Impact of anti-retroviral therapy on sexual behaviour among Villa-Maria hospital clients, Maska district Uganda
MetadataShow full item record
Behavioural change programmes specifically those promoting faithfulness, partner reduction and consistent right condom use contributed to the early declines in HIV incidence and prevalence in Uganda. To guard against treatment optimism and continued risky sexual practices which might result from improved health status, ART clients are also subjected to intensive behavioural change intervention campaigns in Uganda. However, comprehensive evaluation of behavioural change interventions /programmes and the impact of ART on sexual behaviour in Uganda is scarce and limited to only six months duration on ART. This thesis investigated ART clients' knowledge about HIV/AIDS and ART, patterns of VCT services use prior to ART initiation, sexual practices before and after ART initiation. The extent to which ART clients adapt to HIV/AIDS preventive measures and the appropriateness of the health education model were also investigated.A cross sectional study was conducted between June-September 2008 among Villa-Maria hospital clients in Masaka district Uganda. A purposive convenient sampling technique was applied to select a total of 48 participants. Data was collected using interviewer administered questionnaire, in-depth interviews and focus group discussions. A total of 48 questionnaires were administered, 16 in-depth interviews and 4 focus group discussions with 32 participants were conducted.Study participants were evenly distributed across the sexes. The majority were subsistence farmers and had been on ART for almost two years on average. Their educational level was predominantly upper primary. The mean distance covered to the ART /VCT centre was 18km. The findings indicate high levels of knowledge about both HIV/AIDS and ART except for a few individual cases. The study shows that ART initiation had improved the health of the clients and had enabled them to start getting involved in economic activities although at a lower rate than prior to their HIV/AIDS diagnosis. Although no participant reported being a victim to stigmatisation, routine home visits were criticised for working as a trigger for stigmatisation and HIV infection suspicion. Participants reported increased food appetite as a consequence of ART treatment, and occurrence of ART side effects was reported to be due to none observance of ART rules. Reduced frequency of sexual intercourse and reduced number of sexual partners were also reported after diagnosis and ART initiation. Condom use was reported to be inconsistent because it was disliked by the male clients, the desire to have children, financial dependency and being in a stable marital union. VCT uptake followed long episodes of persistent illnesses and it was influenced by relatives, friends, health care workers, HIV/AIDS diagnosis was confirmed at the first VCT visit for all clients. The study showed that there is an emerging phenomenon of ART self discontinuation among the newly born again Christians.Although ART treatment benefits stretched beyond its clinical benefits, complete recovery of ART clients' economic status prior to their HIV/AIDS diagnosis was still a big challenge to interviewees. Sexually active ART clients don't use condoms consistently and correctly despite their reported reduction in frequency of sexual intercourse, number of sexual partners and high knowledge levels about HIV/AIDS and ART. VCT uptake campaigns should be made mode vibrant while...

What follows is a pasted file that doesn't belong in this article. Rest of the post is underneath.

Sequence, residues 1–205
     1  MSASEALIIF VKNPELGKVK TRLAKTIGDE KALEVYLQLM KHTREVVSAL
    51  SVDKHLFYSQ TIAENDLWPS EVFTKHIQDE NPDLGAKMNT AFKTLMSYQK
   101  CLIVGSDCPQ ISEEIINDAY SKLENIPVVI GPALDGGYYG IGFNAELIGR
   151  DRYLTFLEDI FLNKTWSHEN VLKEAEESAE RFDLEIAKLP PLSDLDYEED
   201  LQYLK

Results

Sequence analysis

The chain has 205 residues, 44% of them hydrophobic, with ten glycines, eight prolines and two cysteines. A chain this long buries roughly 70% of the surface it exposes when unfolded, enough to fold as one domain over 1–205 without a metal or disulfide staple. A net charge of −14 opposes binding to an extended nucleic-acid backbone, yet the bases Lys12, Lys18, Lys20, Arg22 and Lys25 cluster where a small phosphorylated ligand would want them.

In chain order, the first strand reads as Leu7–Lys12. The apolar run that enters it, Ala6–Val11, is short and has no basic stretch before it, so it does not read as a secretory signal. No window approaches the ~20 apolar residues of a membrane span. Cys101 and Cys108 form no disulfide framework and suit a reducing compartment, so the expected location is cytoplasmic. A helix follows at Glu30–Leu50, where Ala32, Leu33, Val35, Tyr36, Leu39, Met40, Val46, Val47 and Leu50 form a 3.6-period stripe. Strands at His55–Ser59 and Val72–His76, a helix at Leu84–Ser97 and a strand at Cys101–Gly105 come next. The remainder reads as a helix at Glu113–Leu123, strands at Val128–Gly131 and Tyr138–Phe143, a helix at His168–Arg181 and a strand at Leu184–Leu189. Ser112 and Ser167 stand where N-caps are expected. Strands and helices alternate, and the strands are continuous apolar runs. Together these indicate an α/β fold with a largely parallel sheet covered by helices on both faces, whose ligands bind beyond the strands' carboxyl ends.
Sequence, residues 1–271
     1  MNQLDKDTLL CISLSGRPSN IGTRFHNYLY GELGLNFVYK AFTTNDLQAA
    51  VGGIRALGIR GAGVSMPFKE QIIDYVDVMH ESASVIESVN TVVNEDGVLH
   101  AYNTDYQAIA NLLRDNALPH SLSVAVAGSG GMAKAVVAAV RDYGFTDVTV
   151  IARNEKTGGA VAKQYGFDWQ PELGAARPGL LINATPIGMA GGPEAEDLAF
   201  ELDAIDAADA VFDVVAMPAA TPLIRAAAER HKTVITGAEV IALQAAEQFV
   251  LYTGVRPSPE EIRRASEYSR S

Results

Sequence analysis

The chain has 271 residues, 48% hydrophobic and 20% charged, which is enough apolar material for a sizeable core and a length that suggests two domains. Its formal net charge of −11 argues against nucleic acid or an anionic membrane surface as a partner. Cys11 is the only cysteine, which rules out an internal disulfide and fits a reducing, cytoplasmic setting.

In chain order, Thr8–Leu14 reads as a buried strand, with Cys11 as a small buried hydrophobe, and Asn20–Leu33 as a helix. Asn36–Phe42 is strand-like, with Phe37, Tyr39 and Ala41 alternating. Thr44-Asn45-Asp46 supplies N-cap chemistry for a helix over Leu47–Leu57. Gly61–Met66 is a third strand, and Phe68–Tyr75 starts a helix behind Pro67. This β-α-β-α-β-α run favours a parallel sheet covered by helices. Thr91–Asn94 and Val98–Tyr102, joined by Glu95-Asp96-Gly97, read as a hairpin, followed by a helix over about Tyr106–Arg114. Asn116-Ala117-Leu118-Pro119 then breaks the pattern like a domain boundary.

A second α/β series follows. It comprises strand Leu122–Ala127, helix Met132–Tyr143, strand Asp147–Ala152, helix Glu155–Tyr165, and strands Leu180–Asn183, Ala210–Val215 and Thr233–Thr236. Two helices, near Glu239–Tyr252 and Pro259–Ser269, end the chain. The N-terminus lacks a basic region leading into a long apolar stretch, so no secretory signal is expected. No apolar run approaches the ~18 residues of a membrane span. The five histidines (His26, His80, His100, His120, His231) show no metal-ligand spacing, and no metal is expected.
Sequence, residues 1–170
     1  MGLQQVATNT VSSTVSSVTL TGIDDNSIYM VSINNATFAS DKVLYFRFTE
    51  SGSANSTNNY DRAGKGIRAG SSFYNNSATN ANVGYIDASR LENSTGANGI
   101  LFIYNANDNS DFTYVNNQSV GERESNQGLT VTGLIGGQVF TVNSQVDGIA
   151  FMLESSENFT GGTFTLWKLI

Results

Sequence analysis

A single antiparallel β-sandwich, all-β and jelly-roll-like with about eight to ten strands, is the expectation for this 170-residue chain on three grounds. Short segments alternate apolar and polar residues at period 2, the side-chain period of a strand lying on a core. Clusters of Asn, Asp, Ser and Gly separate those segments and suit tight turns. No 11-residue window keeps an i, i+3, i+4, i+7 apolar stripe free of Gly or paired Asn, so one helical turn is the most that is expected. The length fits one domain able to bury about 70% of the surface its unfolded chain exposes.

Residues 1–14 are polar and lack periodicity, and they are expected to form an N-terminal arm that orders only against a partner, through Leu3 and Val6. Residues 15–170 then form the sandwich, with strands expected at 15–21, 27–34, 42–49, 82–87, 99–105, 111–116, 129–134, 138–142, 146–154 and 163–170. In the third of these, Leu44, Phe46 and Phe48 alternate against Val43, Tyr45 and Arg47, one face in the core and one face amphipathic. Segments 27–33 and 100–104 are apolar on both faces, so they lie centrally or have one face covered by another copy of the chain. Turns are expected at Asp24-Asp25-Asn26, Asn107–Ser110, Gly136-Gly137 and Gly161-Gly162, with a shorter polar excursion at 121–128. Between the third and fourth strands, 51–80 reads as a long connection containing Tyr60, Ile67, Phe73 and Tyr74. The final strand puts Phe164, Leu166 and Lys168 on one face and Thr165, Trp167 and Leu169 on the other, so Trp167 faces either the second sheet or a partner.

PublisherThe University of Bergen
CopyrightCopyright the author. All rights reserved